Preparing building sites for summer lockdown

Published Wednesday, 22 December, 2021 at 12:00 PM

Minister for Education, Minister for Industrial Relations and Minister for Racing
The Honourable Grace Grace

With the Bureau of Meteorology predicting November to January rainfall is likely to be above average for eastern Australia, the time is approaching for construction sites across Queensland to properly plan their summer lockdowns.

Industrial Relations Minister Grace Grace said a few safety measures should be put in place to mitigate risks to public safety and help prepare for summer storms and cyclones and the flooding they often bring.

“Some of the most common and obvious risks that should be addressed include preparing for fierce winds and flooding rains,” Ms Grace said.

“Builders can reduce risks on their sites by bracing or securing fencing and unfinished work so they can’t be blown over, as well as securing or removing roofing sheets and other loose materials that have the potential to turn into missiles in strong winds.

“Holes in the ground, such as trenches and swimming pools currently under construction, require special attention, with extra care needed when the site is close to playgrounds, sports ovals or other public areas where children play. Backfilling excavations or covering them will minimise these hazards.”

Ms Grace said the best way to reduce public risk was to ensure building sites were securely fenced and gates are locked.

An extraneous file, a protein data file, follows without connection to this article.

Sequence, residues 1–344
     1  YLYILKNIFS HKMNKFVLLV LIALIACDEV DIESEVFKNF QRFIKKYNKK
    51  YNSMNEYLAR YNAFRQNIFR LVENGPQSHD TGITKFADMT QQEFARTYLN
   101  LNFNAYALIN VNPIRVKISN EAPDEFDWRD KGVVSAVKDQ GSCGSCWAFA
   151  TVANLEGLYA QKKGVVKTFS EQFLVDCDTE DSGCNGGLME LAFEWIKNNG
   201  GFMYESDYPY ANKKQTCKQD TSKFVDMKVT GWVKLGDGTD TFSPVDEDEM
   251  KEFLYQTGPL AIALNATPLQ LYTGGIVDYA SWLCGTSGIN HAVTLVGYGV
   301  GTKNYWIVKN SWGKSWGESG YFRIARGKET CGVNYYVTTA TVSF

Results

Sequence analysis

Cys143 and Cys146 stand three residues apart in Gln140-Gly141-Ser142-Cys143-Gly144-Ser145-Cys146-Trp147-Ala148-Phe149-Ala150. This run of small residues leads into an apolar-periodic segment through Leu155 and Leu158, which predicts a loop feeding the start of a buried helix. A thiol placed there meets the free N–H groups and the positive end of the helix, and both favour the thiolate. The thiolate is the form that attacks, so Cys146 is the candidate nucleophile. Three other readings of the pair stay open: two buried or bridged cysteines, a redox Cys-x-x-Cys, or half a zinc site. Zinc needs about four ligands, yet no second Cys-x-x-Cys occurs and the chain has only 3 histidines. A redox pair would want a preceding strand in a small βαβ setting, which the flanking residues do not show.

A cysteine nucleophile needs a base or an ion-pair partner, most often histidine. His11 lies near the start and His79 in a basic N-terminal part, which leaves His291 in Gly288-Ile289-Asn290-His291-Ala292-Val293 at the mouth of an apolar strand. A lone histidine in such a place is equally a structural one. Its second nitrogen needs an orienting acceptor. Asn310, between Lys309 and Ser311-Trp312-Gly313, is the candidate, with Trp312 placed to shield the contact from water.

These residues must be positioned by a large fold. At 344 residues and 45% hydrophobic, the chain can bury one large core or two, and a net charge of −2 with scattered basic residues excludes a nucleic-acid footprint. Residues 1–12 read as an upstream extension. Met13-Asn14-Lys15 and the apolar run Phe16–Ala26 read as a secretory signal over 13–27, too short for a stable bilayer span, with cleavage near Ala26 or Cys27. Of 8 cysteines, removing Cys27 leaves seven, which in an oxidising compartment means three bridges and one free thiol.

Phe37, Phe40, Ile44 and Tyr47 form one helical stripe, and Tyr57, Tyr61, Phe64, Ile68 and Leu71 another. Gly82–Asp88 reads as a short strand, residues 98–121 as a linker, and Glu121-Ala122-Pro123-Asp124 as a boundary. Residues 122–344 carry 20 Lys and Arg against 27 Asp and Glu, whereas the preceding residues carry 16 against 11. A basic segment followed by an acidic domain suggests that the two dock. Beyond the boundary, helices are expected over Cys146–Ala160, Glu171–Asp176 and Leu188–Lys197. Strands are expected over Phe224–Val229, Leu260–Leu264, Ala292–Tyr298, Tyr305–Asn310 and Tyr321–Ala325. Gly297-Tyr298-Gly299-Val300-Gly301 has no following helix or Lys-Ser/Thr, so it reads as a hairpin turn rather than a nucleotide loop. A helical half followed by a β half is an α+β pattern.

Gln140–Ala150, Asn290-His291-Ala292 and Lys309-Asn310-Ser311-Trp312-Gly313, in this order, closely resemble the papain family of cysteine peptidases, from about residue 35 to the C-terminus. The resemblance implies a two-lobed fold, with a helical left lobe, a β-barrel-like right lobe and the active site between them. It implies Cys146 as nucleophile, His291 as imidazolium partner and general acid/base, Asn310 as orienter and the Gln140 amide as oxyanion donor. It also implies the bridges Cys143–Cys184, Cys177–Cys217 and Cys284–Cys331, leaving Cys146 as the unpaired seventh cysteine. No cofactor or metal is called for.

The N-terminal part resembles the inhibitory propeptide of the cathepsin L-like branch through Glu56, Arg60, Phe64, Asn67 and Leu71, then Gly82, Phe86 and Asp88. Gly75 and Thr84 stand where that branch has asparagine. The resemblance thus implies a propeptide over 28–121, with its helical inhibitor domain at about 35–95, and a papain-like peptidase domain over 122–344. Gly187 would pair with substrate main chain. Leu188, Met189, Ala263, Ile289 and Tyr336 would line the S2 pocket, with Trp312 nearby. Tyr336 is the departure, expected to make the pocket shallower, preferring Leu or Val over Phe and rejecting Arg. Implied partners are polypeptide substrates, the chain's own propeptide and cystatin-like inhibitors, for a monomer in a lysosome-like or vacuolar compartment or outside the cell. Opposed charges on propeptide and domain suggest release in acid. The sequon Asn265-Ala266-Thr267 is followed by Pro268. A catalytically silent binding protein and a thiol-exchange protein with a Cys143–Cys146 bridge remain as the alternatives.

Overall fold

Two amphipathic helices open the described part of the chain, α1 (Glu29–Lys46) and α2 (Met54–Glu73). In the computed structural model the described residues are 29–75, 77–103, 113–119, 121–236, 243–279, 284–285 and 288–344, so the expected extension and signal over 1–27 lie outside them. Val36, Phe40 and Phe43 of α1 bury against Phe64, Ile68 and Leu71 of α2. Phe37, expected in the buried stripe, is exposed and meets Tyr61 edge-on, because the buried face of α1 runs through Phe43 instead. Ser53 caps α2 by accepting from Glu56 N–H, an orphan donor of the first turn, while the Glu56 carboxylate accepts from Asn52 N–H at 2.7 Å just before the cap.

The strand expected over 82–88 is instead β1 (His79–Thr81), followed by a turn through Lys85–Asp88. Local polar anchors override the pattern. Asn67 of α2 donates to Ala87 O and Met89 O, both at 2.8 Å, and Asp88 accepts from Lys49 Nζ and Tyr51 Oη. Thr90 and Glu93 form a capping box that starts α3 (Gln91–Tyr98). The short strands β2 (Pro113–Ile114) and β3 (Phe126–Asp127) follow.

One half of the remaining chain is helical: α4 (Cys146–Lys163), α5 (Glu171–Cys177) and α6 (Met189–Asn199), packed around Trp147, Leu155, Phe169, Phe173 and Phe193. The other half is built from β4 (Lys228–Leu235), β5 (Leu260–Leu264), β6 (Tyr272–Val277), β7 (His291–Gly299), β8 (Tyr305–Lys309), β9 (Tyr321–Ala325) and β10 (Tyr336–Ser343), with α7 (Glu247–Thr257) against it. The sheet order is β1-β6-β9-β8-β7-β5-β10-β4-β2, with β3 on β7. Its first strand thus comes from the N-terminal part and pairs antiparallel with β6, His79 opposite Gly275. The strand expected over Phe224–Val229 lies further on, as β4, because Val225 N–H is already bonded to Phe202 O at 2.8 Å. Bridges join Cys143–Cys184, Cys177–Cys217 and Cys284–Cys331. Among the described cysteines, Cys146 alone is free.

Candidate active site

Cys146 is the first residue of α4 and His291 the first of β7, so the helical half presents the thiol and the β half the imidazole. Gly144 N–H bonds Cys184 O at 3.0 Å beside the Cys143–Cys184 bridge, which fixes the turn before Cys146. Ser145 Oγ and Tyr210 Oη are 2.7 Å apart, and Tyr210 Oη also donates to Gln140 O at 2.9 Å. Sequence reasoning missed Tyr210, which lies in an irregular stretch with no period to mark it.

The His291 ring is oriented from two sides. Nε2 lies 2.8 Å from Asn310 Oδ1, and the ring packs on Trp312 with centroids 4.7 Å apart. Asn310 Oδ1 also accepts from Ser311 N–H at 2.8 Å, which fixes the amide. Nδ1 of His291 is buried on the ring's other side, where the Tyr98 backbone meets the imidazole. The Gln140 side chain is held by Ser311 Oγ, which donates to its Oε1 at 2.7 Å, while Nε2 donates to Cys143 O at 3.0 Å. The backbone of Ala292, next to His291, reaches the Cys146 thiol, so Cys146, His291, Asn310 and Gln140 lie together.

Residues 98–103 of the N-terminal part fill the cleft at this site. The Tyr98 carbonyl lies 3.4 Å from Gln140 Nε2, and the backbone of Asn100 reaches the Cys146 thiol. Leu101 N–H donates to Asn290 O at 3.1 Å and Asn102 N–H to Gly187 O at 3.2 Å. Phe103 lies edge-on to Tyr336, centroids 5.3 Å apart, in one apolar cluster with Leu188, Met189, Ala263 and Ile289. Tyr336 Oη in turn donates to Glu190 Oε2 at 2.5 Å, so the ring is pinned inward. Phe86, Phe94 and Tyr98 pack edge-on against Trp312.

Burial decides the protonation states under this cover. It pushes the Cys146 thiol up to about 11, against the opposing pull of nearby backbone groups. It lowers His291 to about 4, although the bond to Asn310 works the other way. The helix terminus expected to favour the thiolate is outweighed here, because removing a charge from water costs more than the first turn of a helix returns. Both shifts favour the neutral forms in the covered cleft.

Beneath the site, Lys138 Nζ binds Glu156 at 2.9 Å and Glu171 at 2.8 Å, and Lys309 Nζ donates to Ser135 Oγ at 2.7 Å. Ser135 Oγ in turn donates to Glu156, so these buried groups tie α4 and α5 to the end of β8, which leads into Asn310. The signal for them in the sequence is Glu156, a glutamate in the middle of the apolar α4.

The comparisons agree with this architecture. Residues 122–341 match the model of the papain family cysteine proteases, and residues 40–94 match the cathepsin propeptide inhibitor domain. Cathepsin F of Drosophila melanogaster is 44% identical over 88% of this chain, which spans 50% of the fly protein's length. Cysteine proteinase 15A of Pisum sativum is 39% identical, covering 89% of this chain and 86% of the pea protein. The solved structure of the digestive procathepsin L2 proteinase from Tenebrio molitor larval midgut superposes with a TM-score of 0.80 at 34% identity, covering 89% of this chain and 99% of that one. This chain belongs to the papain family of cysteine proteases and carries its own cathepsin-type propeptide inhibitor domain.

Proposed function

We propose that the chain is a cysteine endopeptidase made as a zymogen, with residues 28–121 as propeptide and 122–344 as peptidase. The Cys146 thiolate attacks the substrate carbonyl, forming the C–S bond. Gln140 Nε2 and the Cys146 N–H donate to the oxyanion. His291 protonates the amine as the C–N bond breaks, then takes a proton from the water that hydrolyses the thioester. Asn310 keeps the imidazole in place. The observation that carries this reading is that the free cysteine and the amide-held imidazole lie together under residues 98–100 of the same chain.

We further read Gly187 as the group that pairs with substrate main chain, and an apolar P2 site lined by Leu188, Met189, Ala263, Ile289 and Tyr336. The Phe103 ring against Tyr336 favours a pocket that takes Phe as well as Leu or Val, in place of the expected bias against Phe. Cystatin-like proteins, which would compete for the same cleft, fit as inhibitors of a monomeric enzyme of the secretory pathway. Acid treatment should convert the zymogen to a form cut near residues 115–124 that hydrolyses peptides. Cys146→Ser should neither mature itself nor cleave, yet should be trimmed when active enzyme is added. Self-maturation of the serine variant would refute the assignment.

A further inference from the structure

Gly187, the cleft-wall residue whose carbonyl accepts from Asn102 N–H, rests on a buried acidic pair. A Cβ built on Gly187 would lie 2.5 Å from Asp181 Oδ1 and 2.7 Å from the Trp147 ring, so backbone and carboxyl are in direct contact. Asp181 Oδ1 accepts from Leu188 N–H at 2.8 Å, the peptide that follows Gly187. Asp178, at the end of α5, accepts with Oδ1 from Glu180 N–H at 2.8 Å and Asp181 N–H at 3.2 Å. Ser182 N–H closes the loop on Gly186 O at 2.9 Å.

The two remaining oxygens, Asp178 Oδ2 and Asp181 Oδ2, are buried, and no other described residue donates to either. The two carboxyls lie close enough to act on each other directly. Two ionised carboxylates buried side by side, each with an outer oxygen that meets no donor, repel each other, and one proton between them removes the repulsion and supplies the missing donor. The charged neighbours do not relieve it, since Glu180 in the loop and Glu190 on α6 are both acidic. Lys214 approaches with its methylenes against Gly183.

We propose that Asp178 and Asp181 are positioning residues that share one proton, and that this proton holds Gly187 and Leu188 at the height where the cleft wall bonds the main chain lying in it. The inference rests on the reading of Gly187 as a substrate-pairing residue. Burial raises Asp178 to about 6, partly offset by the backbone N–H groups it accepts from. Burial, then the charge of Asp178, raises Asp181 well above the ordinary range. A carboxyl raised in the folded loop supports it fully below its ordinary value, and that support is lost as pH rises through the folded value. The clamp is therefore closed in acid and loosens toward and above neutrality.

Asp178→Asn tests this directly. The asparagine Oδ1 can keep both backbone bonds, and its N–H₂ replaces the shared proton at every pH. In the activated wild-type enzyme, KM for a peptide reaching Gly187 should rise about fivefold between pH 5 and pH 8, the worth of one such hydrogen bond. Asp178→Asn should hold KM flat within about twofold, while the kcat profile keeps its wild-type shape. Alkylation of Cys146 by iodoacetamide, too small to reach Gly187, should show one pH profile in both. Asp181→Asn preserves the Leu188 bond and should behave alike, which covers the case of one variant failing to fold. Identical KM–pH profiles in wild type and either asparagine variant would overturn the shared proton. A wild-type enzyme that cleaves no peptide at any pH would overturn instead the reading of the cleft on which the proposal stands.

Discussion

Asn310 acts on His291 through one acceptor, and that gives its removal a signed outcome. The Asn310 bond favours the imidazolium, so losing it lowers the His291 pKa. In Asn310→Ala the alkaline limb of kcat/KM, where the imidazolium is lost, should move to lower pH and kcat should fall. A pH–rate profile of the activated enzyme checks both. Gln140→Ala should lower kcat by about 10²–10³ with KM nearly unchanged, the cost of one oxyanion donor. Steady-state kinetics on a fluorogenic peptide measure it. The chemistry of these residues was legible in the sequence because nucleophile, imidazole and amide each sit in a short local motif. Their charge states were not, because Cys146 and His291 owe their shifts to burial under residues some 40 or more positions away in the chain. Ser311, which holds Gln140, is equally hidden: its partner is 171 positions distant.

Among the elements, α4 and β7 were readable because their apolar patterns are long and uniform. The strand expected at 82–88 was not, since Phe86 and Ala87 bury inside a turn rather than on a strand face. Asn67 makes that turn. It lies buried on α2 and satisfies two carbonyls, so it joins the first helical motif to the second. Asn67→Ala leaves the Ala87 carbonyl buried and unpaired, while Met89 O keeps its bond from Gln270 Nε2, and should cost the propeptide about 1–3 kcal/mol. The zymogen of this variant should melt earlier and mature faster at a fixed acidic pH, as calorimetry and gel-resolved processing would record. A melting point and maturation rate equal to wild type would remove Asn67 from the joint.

“Kids find houses at the frame stage very exciting because they can climb on them, so construction companies need to be vigilant with securing their sites over the lockdown period, as the dangers to unauthorised people accessing sites are very serious,” she said.  

Ms Grace said Workplace Health and Safety Queensland inspectors this year had identified site security and housekeeping hazards as two of the main non-compliant safety issues on residential construction sites.

“Site security is most definitely a serious issue – and one which our inspectors will come down very hard on. But it’s exacerbated if the site isn’t kept tidy because this creates even more risks if members of the public are able to wander onto the site,” she said.

“Inadequate housekeeping on residential construction sites is often due to insufficient storage of building material and tools, and poor management of building waste.

“So before you head off for a hard-earned break this summer, make sure your site is tidy, securely fenced and that the gates are locked.”

Further information on construction site safety is available at


Media contact:
Annamika Calcino (3719 7122)